A recent Herald editorial titled Pay and prestige can fix New Zealand’s teacher shortage argues that “just about everyone agrees teachers should be better paid,” and that “until graduates see teaching as desirable and valued schools will battle to attract staff.”

Dykes agrees.

“You can tinker around the edges, but first and foremost, when principals were asked directly by the Minister what was needed, they were unequivocal: pay.

“It’s about pay, all the data would support that. When you really break down why people are not going into teaching, especially in the Auckland region, where graduates are realising they’ll never be able to buy a house, they’re choosing other careers for monetary reasons.”

News stories and editorials about teacher supply issues appear in the mainstream media every week. Is this coverage prompting more would-be teachers to enter the profession?

Education Review asked providers of initial teacher education whether enrolments, or even general interest, in their courses had increased this year.

While numbers for some providers are not yet available, Victoria University of Wellington Associate Professor and Associate Dean of Teacher Education Robin Averill reports a rise in registrations.

“We are pleased to have roughly an average 10% increase in our initial teacher education enrolments across our programmes this year on last year’s numbers,” she says.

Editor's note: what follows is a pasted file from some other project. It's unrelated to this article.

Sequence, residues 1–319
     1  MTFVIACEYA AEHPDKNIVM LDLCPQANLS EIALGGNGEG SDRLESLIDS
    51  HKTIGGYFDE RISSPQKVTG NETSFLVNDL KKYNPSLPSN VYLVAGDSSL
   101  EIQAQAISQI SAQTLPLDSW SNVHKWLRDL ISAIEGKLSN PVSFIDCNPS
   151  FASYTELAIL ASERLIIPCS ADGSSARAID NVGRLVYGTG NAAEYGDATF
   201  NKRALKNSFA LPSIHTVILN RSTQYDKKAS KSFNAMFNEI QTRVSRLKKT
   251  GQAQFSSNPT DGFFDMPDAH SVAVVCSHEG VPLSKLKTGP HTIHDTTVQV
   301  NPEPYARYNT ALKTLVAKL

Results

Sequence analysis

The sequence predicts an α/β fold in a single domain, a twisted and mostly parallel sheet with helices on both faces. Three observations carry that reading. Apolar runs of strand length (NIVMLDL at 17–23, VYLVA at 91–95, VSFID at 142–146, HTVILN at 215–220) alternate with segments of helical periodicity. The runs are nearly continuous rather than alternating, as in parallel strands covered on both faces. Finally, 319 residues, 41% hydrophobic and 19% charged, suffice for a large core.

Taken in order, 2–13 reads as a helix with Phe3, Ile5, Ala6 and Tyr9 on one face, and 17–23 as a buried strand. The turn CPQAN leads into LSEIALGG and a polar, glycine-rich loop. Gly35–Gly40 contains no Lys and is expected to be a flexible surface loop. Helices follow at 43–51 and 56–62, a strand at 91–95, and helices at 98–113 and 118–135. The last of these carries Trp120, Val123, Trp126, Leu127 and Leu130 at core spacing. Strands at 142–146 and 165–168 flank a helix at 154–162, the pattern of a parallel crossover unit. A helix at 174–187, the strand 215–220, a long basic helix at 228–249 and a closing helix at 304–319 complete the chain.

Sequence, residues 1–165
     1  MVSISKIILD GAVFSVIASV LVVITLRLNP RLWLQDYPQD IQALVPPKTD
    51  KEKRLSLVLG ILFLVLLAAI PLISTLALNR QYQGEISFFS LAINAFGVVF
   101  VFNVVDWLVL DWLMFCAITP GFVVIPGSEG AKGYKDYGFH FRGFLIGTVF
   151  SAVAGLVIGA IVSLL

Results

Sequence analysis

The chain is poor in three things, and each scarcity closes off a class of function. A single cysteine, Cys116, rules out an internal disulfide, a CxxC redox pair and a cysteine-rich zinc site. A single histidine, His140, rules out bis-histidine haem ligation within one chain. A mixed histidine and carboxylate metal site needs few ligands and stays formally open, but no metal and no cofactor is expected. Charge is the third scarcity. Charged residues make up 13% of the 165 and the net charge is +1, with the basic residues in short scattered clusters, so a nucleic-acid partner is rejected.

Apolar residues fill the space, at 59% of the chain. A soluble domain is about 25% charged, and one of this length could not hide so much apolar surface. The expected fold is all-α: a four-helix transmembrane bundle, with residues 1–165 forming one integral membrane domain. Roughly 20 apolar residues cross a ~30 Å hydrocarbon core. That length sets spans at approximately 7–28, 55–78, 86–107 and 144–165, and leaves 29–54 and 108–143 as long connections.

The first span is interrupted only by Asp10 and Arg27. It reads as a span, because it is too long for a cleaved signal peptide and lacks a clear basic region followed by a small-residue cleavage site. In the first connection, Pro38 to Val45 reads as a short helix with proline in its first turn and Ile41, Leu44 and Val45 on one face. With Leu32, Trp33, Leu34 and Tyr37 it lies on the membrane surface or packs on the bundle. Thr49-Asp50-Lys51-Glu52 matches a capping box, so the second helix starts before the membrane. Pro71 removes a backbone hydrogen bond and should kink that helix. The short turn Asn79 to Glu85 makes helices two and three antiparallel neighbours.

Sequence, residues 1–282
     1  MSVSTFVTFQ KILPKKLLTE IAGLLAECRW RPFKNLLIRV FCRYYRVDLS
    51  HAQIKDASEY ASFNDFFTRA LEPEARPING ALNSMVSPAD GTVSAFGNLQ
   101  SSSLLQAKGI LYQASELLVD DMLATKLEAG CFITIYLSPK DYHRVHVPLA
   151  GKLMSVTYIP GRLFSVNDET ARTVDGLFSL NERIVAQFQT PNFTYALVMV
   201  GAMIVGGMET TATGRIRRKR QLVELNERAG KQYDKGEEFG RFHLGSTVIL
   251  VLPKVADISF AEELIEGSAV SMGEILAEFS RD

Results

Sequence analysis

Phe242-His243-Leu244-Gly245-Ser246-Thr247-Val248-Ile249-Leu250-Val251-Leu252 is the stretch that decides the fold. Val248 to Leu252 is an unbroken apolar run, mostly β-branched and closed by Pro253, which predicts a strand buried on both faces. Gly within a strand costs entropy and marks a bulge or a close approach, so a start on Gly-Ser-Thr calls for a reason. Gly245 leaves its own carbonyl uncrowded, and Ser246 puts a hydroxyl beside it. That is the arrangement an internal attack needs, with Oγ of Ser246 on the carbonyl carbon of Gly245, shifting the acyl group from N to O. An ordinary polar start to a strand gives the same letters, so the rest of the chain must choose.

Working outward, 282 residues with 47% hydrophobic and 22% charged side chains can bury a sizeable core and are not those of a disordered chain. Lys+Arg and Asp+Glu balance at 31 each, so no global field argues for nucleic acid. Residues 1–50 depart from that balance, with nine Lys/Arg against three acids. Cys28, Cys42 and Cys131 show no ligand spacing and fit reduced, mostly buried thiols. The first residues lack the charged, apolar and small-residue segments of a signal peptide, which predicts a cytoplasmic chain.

“We are always keen to have more student teachers, and in particular in the areas of national shortages.”

While Victoria University offers more than one qualification for preparing teachers for each sector, there is one programme in each sector with increased numbers.

“We’ve seen the biggest increase in enrolments in our Graduate Diploma of Teaching (ECE), Graduate Diploma of Teaching (Primary) and Masters of Teaching and Learning (Secondary). So I guess overall, all sector numbers are up,” says Robin.

A spokesperson from the University of Auckland reports a similar trend.

“We are still a couple of weeks out from the final enrolment closing date but at this stage we can see there is a slight increase (17%) in the number of students enrolling in our Graduate Diploma of Teaching (Secondary) programme compared to the same time last year. There is also a slightly higher increase in our Graduate Diploma in Teaching (Primary) applications (23%) and enrolments (57%),” she says.